by Max Brantley
The line is open. Thanks for the cartoon to Wolf Grulkey, Democratic House candidate against Republican Rep. Justin Harris. Other stuff:
* FOURTH DISTRICT DEBATE: Democrat Gene Jeffress, Republican Tom Cotton, Green candidate Josh Drake and Libertarian Bobby Tullis were taped in debate at AETN this afternoon for broadcast at 8 p.m. this evening. From Twitters, it sounds like little new ground was plowed. I was interested in a question on what could be done to "help" the timber industry. When Democrats try to help the auto industry, it's called socialism. What is it when the government help is for Koch timber industry affiliates? Or when Tom Cotton proposes an enormous estate tax break to suck up to South Arkansas timberman John Ed Anthony? A helping hand to job creators, I guess.
Noted: Rep. Nate Bell, a Cotton supporter, provided this quote from Cotton in the 4th District debate:
"We should turn federal highway decision making back to the states and allow states to determine what roads are essential."
Would we have an interstate highway system if route planning and construction were split up among the 50 states? Would dollars follow where they were raised? Or people? Wouldn't this hurt net recipient states and rural states like Arkansas? Nice sound bite for the unreconstructed States Rights crowd. But under examination, it falls apart as most of the rest of Cotton's economic theorizing does. Such as his bald assertion that repeal of Obamacare would "improve" health care in Arkansas. There isn't a single Republican alternative that doesn't mean less health care coverage for poor people. That's an improvement only to those expecting a tax cut for the wealthy from Cotton/Ryan/Romney/Koch budget plans.
The Third District debate will be aired at 7 p.m. Credit Republican incumbent Steve Womack for appearing, though he faces only token third-party opposition. You'll recall that Republican U.S. Rep. Rick Crawford of Jonesboro ducked the statewide TV network. He clearly believes the less exposure he gets the better. Crawford did appear tonight on some local cable channels in Jonesboro area in a debate with Democrat Scott Ellington and other contenders. Mighty nice of him.
* 2ND DISTRICT ANSWERS: A while back, I posted Democratic 2nd District congressional candidate Herb Rule's written answers to questions delivered at an election forum sponsored by the AAUW and the League of Women Voters. Here are Republican Tim Griffin's responses to the same questions. Green Party candidate Barbara Ward responded in two parts — here and also here.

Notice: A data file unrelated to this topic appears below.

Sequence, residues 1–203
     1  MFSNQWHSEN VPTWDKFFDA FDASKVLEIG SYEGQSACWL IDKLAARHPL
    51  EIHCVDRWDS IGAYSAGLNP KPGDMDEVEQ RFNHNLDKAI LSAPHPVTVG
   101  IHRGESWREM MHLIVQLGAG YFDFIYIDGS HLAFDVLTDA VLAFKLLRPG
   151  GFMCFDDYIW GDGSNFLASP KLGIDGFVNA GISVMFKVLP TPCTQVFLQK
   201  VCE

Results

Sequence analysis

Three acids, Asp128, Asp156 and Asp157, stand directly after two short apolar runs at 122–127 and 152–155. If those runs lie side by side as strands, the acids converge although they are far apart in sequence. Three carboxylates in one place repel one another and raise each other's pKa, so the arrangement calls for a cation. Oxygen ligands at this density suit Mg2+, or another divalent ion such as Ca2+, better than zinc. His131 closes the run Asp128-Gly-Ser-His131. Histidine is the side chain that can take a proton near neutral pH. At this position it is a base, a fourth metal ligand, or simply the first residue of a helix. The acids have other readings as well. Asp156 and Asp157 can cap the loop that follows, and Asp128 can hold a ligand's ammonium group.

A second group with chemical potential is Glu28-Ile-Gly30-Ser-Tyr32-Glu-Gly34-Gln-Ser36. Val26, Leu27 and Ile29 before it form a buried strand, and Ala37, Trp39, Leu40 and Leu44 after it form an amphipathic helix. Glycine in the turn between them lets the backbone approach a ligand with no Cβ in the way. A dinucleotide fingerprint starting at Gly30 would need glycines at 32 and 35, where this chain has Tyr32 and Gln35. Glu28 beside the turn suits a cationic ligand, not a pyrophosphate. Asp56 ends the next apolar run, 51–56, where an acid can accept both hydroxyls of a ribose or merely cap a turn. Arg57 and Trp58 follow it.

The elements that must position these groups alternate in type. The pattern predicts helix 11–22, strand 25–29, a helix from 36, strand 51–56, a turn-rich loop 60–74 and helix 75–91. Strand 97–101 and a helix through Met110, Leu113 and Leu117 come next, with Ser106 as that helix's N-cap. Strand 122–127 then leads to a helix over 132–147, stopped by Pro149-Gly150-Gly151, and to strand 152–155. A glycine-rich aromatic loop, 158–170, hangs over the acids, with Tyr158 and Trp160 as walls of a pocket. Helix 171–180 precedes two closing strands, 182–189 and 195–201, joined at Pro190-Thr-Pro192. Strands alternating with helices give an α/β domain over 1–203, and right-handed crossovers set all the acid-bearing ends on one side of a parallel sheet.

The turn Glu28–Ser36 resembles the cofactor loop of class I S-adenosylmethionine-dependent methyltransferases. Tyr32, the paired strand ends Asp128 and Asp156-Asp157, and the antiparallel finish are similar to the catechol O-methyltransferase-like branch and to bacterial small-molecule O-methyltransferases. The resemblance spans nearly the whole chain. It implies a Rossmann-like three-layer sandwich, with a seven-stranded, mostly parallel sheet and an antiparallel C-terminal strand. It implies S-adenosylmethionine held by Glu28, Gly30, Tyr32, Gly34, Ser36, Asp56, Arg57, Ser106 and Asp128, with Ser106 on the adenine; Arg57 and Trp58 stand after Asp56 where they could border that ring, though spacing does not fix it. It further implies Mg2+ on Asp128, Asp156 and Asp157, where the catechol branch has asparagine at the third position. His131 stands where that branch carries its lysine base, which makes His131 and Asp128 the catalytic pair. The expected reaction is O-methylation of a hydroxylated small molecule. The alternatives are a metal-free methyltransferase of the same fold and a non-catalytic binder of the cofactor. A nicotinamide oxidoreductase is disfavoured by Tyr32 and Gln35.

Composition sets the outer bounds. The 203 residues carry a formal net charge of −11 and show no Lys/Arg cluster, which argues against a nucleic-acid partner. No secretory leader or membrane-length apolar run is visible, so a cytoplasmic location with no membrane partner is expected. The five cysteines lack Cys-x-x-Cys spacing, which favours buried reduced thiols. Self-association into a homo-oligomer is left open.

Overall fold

* TECH PARK TANGO, PART 2: The 2nd night of “facilitated discussion” with Charles Dilks, the consultant hired by the Little Rock Technology Park Authority board to help with site selection, was a more low-key affair that the evening before. University District Neighborhoods Association head Joe Busby spoke in favor of the 84-acre Asher Avenue site, one of four Dilks has chosen from a list of 23 alternatives. Nickolas Jovanovic, a UALR professor of construction, pressed Dilks on his assessment that the Asher Avenue site might be too close to the University of Arkansas at Little Rock to appeal to park partners University of Arkansas for Medical Sciences and Arkansas Children’s Hospital, asking if that meant a site near UAMS (read Forest Hills) might be too close to please UALR and ACH. Finally, Dilks agreed, and in a moment of candor said, “If I had my choice, [the park] would be between the two [UAMS and UALR] and connect them.” He had said previously it would be inappropriate to comment on the neighborhood sites (which are between the two institutions) since the city has declared them “off the table” and that it was his job to evaluate alternatives.
* LITTLE ROCK CITY BOARD CANDIDATE FORUMS: At last, the city has announced air times for taped city board candidate forums. 8 p.m. Friday and noon Saturday on the local government access channel.
* SCHOOL REFORM: A HINT AT WHAT'S HEADING OUR WAY: Look south to Louisiana to see what a Republican governor and legislature, pushed by the Billionaire Boys Club, is doing to public education in the name of "school reform." Louisiana has moved beyond merely shoveling money with little oversight into quasi-private schools masquerading as "charters." It's pushing ahead to vouchers.
This latest conflict reveals the hidden agenda driven by the choice movement. The schools are being rapidly re-segregated, with the full benefit of public funds.
Charter schools have been promoted as part of what people like Arne Duncan call the "Civil Rights issue of our time." They are touted as delivering rigorous instruction for students not currently succeeding in the public schools. But research is showing that charters and vouchers, and the market-driven "choice" model, are yielding a re-segregation of our schools, powered by public funding.
* JOHN MCCAIN IS REALLY P.O.'ED: Because Colin Powell has again endorsed Barack Obama for president.
* HARD-HEARTED MITT ROMNEY: Mitt Romney's brutal treatment of same-sex couples and their children as Massachusetts governor is worth a read. Family man? Not if it's the sort of family he disapproves. Mean stuff, though it might make him more popular in some quarters in Arkansas.
* MORE HARD-HEARTED REPUBLICANS, THIS TIME ON RAPE: A friend sent a handy chart from firedoglake illustrating where Republican politicians have stood on rape down through the years. It is not a joke. Sorry to say. Find it on the jump.